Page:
• An episode of Private Practice has a mother, six months pregnant with the walking transplant, have her terminally ill son need a blood transfusion within the week or the son will die. Their baby girl has not developed enough, so what does the mother do? She jabs a knitting needle up her birth canal to make her waters break. And then the baby dies.
    • That show loves this trope. One episode featured a couple with a walking transplant baby who was intended to save his twin sisters with leukemia. When he turned out to have only enough cord blood for one sister, the parents were asked to choose their favourite to treat!
  • Used in an episode of Sliders, which has our Quinn as this for the world-of-the-week's Quinn.
    • Another episode features a world where all people or a certain age are considered potential organ donors, whether they want to or not. Each receives a non-removable tracking bracelet that activates when a compatible organ is needed. Then a special police unit arrives to take the "donor" into custody. The doctors behind the program are shown to be corrupt, often using the system to get what they want (i.e. if you don't do what I say, I'll activate your bracelet and take your heart or liver).
  • In Law and Order: Criminal Intent, there was this one guy who goes around literally giving away pieces of himself since he had given away pretty much everything else. More specifically he was donating his parts to people he felt would change the world for the better...but only if they did. He killed the Victim of the Week (or rather shot her in a way that would cause brain death so she's become a viable organ doner) because she gave up on her work to become a housewife.
    • Done in the original Law and Order when a doctor is revealed to have been implanting IVF patients with his own sperm, which screws up one couple's plan to save one child by conceiving another. McCoy briefly considers indicting the doctor for the child's death.
  • One of the reasons the Goa'uld System Lords take their lo'tars (trusted human servants; literally means "you, human") everywhere with them is to have a spare host in case their current one expires for any reason. In this case, the lo'tars are donating their entire bodies. However, most are brainwashed into believing it to be an honor. They are also expected to be knowledgeable about Goa'uld politics in order to avoid any faux pas.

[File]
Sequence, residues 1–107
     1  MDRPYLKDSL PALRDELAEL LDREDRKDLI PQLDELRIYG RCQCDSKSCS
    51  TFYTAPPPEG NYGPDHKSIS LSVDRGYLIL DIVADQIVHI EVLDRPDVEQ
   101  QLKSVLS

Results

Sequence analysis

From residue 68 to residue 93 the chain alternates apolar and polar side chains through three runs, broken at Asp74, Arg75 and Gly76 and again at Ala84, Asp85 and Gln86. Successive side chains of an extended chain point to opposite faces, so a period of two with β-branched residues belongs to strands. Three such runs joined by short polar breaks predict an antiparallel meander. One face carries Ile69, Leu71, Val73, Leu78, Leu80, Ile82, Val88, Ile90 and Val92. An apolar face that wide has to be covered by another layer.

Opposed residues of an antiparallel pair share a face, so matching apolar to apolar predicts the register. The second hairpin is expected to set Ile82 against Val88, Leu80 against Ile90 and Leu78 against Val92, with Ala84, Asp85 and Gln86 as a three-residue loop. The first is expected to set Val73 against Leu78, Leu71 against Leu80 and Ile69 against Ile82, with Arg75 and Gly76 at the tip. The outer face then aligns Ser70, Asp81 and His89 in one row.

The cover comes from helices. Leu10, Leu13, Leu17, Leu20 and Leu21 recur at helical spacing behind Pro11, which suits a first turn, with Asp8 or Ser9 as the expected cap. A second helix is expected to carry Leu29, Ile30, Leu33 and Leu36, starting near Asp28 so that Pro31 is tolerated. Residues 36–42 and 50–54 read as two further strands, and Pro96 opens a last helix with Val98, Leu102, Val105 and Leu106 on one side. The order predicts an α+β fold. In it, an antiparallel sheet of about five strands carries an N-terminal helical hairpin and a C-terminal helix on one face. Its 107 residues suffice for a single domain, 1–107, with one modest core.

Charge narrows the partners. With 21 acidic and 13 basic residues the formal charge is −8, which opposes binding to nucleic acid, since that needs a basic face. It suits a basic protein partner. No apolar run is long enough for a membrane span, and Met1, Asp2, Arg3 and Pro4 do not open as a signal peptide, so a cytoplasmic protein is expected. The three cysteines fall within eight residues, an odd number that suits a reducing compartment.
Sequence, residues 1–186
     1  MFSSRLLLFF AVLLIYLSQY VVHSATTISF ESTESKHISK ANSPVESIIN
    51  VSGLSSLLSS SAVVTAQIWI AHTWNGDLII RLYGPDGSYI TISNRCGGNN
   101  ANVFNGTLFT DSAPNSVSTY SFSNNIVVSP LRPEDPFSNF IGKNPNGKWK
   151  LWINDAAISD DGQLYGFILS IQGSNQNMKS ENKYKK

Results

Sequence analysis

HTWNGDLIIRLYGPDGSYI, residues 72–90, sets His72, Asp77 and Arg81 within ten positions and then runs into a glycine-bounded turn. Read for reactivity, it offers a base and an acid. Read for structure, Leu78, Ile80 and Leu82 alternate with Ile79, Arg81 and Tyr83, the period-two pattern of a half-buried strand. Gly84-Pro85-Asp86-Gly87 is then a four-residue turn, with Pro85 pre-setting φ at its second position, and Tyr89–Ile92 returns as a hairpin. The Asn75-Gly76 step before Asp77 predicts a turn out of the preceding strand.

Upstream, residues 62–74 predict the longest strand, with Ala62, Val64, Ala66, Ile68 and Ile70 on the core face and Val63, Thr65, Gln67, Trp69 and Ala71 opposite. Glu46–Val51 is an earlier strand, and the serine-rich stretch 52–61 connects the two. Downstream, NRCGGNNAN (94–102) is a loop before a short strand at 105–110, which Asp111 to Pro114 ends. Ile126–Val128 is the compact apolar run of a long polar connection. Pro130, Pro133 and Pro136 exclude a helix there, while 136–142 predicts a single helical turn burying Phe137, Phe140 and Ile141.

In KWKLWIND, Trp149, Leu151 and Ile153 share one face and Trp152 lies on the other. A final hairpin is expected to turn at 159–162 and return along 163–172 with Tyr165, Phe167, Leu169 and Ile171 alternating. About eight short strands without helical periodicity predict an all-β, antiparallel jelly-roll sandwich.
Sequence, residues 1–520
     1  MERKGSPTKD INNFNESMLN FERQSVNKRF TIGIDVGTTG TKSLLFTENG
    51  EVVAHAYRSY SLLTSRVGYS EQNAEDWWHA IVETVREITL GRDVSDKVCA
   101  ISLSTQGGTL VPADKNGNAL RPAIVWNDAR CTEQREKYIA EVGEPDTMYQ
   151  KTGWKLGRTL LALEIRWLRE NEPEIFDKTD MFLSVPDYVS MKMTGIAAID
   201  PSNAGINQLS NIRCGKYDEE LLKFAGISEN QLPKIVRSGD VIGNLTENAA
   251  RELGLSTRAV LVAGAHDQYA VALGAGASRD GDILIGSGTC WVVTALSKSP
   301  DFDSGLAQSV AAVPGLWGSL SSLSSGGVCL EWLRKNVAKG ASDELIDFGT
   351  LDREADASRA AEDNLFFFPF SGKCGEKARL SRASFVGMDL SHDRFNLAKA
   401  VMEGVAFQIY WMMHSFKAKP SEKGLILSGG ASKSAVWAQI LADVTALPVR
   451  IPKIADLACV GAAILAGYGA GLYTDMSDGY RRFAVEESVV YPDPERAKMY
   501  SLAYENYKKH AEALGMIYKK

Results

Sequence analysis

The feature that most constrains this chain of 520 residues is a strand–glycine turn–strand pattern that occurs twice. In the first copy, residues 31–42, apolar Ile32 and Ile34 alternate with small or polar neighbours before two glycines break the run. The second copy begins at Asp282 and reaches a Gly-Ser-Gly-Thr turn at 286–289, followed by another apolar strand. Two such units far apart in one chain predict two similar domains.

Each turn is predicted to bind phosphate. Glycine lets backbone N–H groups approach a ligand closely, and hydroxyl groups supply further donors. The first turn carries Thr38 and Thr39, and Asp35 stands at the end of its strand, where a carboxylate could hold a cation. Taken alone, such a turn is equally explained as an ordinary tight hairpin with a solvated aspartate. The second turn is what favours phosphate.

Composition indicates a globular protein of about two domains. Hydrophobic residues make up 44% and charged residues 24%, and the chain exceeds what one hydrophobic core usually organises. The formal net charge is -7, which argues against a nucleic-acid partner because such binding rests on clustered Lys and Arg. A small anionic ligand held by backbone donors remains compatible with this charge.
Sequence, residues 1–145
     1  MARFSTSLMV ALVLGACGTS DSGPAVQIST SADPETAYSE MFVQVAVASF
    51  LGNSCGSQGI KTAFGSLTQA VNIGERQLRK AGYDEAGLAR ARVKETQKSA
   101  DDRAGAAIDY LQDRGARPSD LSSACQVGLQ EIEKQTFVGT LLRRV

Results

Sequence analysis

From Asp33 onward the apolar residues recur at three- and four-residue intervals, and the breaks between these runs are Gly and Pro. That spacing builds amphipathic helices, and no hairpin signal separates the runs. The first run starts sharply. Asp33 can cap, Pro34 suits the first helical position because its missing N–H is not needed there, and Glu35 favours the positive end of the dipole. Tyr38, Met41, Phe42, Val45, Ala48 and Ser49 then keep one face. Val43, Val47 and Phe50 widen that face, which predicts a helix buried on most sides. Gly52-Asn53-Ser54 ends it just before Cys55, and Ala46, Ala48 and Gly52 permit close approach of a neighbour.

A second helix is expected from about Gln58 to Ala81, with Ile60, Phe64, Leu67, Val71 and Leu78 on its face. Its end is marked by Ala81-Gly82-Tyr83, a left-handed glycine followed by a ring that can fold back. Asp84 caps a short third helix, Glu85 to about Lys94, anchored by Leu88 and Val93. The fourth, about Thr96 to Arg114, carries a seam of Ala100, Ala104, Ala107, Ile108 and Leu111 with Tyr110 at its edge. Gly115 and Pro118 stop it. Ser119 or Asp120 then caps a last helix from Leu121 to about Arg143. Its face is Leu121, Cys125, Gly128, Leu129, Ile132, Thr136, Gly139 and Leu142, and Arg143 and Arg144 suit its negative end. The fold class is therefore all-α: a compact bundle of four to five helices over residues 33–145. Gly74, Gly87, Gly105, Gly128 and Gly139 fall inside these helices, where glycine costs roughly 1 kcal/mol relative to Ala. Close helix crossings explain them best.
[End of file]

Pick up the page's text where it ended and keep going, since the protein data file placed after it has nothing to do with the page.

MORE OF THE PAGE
• Mohinder was conceived to be a blood donor for his sister. Although by the time he was born she was too far gone and was always a point of contention between him and his father.
  • On Neighbours Nicola was conceived for the purpose of saving her sister Miranda's life. This is a major factor in her psychotic break shortly before she left the show.


Video Games

  • Producing these is revealed to have been the original purpose of the laboratory where 1213 takes place before the world ended.

Western Animation

  • The Venture Brothers: Dr. Venture has this as a partial purpose for his sons. Season 2's premiere reveals why this is okay.
  • Played for laughs in Futurama; the Professor keeps Amy around because she is of the same blood type.
    • He views all his employees this way: "Damnit, Hermes, just jump already. Stop hogging that healthy liver!"

Real Life

  • Well on its way to aversion in Real Life. With the rapid advancements being made in tissue engineering, The Island-style cloning people for parts makes absolutely no sense. The method of building organs discussed in 2057, by using a "cell-jet" printer, is actually being worked on.
    • I wouldn't be so sure. While it is true that scientists all over the world are researching ways to create artificial tissues to replace damaged ones (especially heart and nerve tissue which lacks any significant regenerative abilities) However, most, if not all of these procedures require human stem cells - and the easiest way to get them is to harvest them from human embryos. To avoid the immune system attacking the transplanted tissue, some scientist have actually mentioned the posibility of cloning the patients and harvesting the stem cells from the embryos before they get any chance to get angsty and turn against their creators.
      • You can harvest stem cells from the umbilical cord of newly born babies. This avoids all the previous problems.
    • ( Along the same veins, some scientists are also trying to use the stem cells that can be found in an adult's body (like, for example, in the bone marrow, or in certain skin layers) for these purpose, allthough this is slightly harder as those cells can only turn into certains types of other cells. Some scientists are trying to reverse them to their pluripotent state, tough.
    • I suppose that one could also do this in the future for other reasons - i.e. seeing the effects of drugs on whole humans (rather than just cell cultures or animals).
      • Unlikely; the ethical violations in raising a human being solely to test drugs on are incredible. All said this trope is well and truly averted in real life and will be for the forseeable future. It's just smart business planning too; why raise an entire human being if you need a heart transplant, when you can just make one from scratch.
  • Advances in genetic engineering may eventually make it possible to breed domestic pigs with human-analog histocompatibility traits. Most internal organs are similar in pigs and in humans, so such animals would be ideal four-legged examples of this trope, with few ethical constraints and much faster turnaround-time to grow them to adult size.
    • To be clear, there is no record of a successful xenotransplantation. Organs grown in the pigs would need to be nearly identical to the recpients' genes to not be attacked by (and attack) the former, and the pigs' own immune systems would be likely to attack any alien organs growing within them. Once again, growing transplants from scratch may be more plausible.